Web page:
Research, Policy and Practice

Pastoralism Cover Image
Open Access

Holtzman J: Uncertain Tastes: Memory, Ambivalence, and the Politics of Eating in Samburu, Northern Kenya

University of California Press; 2009. 296 pages ISBN-10: 0520257375 ISBN-13: 978-0520257375
Pastoralism: Research, Policy and PracticePastoralism: Research, Policy and Practice20111:13

DOI: 10.1186/2041-7136-1-13

Received: 15 April 2011

Accepted: 24 June 2011

Published: 24 June 2011


This book unexpectedly frustrated me and at the same time delighted me which is not unlike what the author, Jon Holtzman, wants to convey about Samburu food, that is, its ambivalence and contradictions. The book is a compendium of several years of research in Samburu, and some of the materials have been taken from journal articles, reassembled into a book. Those interested in understanding more about pastoral diet intake and nutritional status will be disappointed however. This book is not about that, though there is a short mention to it in Chapters 2 and 9 (without references). Rather, this book is about the Samburu way of viewing their world as seen through food. We see broad cultural patterns and changes in those patterns through the mundane daily experience of food and eating. For those people who are food insecure, food is perhaps an excellent metaphor for life as Samburu becomes socialized into their culture of hunger. The book is thus about the cultural significance surrounding food and how people of various ages and gender socially manipulate its production (livestock and the superiority of a diet of milk, meat, and blood), its processing (raw versus cooked), its consumption (who consumes what types of food), and its changes. Food possesses values, practices, and social relations and reveals cultural changes, and Holtzman nicely navigates this realm of understanding.

I initially wanted to read about Samburu food, but it is not until Chapter 3 that the first vignette of eating practices is introduced. The first two chapters (Part 1) describe the rationale, framework, and theories that frame the descriptions of food, eating, and culture that follow. Part 1 is an exhaustive description of the notion of collective memory, that is, history as story described by individuals and social groups. A set of theories that contribute to the framework of collective memory such as those of Bourdieu and Geertz are detailed. Thus, this book is a story of how theory is developed and used to explain food and how a story of food contributes to this theoretical understanding of culture.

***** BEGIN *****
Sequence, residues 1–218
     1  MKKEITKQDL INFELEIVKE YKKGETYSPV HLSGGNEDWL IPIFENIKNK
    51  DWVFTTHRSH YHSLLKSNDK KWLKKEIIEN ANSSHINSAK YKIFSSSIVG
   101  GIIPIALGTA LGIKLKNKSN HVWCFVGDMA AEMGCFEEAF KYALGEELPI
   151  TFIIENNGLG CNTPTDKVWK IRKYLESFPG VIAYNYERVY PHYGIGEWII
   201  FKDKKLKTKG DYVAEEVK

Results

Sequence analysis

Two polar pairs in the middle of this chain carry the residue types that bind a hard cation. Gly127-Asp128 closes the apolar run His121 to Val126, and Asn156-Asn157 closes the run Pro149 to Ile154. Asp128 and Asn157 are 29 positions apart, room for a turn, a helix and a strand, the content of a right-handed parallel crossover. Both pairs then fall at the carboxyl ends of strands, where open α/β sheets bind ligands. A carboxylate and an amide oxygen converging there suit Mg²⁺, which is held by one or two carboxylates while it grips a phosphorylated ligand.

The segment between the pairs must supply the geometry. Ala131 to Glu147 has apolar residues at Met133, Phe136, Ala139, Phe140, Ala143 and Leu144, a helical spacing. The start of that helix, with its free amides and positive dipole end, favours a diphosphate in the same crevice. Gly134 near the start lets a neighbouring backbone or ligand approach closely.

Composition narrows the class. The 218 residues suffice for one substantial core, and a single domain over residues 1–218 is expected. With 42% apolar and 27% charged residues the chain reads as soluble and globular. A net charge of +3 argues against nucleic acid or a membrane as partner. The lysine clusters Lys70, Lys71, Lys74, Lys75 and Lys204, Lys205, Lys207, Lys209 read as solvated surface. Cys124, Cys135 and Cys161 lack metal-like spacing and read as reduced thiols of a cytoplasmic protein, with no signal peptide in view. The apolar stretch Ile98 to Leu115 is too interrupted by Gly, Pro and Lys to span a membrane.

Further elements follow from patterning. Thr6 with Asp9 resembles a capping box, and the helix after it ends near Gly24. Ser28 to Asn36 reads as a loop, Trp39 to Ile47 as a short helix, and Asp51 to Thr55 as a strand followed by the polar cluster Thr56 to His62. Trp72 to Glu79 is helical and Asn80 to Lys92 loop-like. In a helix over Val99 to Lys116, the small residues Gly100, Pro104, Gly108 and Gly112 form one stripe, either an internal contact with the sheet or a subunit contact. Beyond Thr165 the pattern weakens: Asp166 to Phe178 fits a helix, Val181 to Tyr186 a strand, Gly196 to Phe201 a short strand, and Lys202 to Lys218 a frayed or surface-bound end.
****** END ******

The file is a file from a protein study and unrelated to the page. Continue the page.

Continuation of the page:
Chapters 3 and 4 are ethnographic, where the framework developed in Chapters 1 and 2 is elucidated through examples. The Samburu notions of food are simple as there are only five main words to describe the taste of foods: sweet, sour, and negative words for foods that are considered "bad." Where this is seemingly straightforward, how the age and gender system operates as reflected in food is extremely complex. Murranhood (the age grade of bachelor warriors), for example, is highly regulated as portrayed through food. At the time of bachelor warriorhood, which occurs between the ages of 15 to 20, young men are expected to remain distant from domestic life. They cannot eat food seen by women except for milk and can only eat with age mates. Murran must help any family that calls upon them, and all families are expected to contribute to feeding them. Women's food on the other hand is considered "not food"; women basically get leftovers such as the buttermilk left after making ghee and maize meal a "grey" food. Men, in contrast, are regarded as deserving privileged food. The irony is that women are better off nutritionally than men and that there are many ways that women can deny men food as they are in control of the distribution of food within the household.

Eating the right food in the right company, sharing properly, and not displaying greed are core values embodied in eating (Chapter 4). Meat is masculine in Samburu and is the ideal food for murran, and eating it most often takes place away from women. Likewise, particular cuts of meat belong to specific age and gender groups. Milk on the other hand is a highly feminine resource to be distributed in various forms (fresh, soured, buttermilk, etc.) to the family. Fresh blood and blood mixed with milk is the food of men. Thus, it is through food that Samburu marks and lives various roles such as age, masculinity and femininity, respect, sharing, modernity, and tradition.